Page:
3. ”IT leadership seems unable or unwilling to take meaningful actions “
    I see not so much indecision, just dumb decisions. Million dollar pilots every quarter that never make it anywhere, deals made with vendors where there is a “special” relationship, and systems and hardware bought when any clinical user or analyst in a cubicle can point out why it will fail in one minute. Like the government, a large system’s IT budget could be cut by 10-25% and it would work out well if the purse strings are managed appropriately.

  4. To Healthcare outsider…”IT leadership seems unable or unwilling to take meaningful actions “..

    Amen. The incompetence in HIT leadership is staggering and a growing challenge. They lack leadership decision making skills, can not communicate to their senior management or the board what, why, and how, and spend most of their time at conferences supporting or justifying their their existence (lets just say its a forum!)

    Spare us the excuses of having to deal with CMS, HHS, payers, or providers, collaboration, consensus building. These words are code to mean HIT leaderships gets to procrastinate and make no decision and blame it on someone else. SOS. The dollars that are being spent today tells us that we have to raise the bar on HIT leadership competencies.

  5. Re: the employee and the palm reader – we had a similar issue with a hand reader time clock system we implemented in 1996 or so. Good to see people are still interpreting the Book of Revelation in wild and crazy ways!

  6. The more I read on this excellent blog, the truths leak out. This is all about money and not about patient care. Patients are simply grist for the cash registers. Wait, my friend, until you are critically ill in a “modern” hospital, where the nurse and doctors (as reported by the Hopkins) spend more time with the computer to your neglect..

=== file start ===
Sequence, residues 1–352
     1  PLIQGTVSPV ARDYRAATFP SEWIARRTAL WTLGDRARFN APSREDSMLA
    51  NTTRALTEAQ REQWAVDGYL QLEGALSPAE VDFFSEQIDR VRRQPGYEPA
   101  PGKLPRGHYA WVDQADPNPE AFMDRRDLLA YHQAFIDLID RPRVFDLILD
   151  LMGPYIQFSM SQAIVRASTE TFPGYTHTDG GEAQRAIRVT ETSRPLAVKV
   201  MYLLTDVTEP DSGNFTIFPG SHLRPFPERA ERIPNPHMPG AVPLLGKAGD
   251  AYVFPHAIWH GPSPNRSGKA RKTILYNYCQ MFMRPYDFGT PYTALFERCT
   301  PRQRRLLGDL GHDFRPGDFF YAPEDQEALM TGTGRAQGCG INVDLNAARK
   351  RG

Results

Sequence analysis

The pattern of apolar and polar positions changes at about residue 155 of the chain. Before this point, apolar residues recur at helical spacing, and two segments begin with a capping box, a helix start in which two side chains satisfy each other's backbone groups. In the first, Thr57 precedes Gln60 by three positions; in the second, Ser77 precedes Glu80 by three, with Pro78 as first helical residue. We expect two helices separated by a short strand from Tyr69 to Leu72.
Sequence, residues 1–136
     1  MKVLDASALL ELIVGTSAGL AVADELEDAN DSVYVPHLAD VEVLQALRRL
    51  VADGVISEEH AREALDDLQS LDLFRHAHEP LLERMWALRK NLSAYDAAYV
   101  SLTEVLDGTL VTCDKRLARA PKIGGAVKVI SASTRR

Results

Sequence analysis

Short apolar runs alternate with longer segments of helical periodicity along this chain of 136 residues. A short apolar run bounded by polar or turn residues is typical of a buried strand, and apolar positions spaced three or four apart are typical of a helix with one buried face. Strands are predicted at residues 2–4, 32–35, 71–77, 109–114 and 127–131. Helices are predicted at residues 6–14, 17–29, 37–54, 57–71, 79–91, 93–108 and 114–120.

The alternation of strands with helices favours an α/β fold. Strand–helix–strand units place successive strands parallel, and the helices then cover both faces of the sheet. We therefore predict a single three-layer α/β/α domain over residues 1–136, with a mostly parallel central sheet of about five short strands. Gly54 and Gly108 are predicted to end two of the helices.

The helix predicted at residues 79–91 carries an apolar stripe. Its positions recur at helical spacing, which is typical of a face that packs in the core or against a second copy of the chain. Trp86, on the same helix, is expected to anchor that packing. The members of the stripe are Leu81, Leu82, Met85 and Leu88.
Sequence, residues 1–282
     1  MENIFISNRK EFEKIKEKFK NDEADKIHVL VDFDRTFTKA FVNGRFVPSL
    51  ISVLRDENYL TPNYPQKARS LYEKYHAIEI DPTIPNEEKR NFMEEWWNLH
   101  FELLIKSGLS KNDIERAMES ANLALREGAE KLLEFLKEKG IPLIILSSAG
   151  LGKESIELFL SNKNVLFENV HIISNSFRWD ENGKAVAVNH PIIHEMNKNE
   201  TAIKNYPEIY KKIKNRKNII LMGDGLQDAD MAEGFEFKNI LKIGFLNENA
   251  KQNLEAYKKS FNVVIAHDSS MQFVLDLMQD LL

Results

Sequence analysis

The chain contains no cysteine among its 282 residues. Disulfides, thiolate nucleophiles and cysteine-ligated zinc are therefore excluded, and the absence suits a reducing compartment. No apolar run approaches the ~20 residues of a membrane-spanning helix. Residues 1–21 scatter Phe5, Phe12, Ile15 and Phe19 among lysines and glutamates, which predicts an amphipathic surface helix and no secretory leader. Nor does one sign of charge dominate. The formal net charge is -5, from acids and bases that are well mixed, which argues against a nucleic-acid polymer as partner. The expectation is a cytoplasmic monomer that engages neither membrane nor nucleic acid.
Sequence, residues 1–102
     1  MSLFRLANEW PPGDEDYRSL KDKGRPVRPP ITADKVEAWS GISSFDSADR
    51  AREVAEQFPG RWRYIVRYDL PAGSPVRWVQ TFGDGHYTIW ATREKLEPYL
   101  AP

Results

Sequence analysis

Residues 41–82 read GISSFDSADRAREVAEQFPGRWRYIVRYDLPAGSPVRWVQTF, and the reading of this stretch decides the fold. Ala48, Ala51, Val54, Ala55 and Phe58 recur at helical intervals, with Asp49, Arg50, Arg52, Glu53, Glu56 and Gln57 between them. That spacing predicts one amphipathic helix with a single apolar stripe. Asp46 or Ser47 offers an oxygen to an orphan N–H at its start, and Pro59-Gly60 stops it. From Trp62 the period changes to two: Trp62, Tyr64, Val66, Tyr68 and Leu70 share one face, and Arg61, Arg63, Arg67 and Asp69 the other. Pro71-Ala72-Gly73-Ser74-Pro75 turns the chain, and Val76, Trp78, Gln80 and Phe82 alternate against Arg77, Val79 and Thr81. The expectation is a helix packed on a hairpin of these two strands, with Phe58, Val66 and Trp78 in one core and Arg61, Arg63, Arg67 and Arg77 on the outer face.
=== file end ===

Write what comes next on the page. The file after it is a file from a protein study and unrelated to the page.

7. Regarding Healthcare Outsider’s comments… those are fairly offensive comments to start with, as the writer assumes it is al IT leaderships fault. I have witnessed many organizations that are loath to invest in certain parts of technology for several reasons. There is the constant struggle with CFO’s demanding measurable ROI when there are rarely clear ROI opportunities that the bean counters can ever agree on. But miss the agreed upon ROI or your budget using numbers you have never agreed to and they are looking to give you a haircut. Next, you will see the lack of project sponsors from the business OR the sponsors are just unwilling to step up and get engaged on a project to ensure its success. We have an opportunity to implement a technology that also requires changes in HR policy and the organization has tried three times to implement the base product and due to the lack of ownership from HR, Finance, and Nursing, it has failed to reap the benefits each time. You will also find a loss of appetite for IT investment after implementation of an EMR. For example, our company squandered two years to start BI due to a lack of understanding of the potential benefits AND indigestion over the price tag after spending north of $100m to implement Epic (and that was the right decision that is not being regretted). I would suggest that the issue is the never ending second guessing from the business when we try to lead them to water and they absolutely refuse to drink. And I would also suggest you see these examples way more than the success stories you read about from places like THR and Sharp.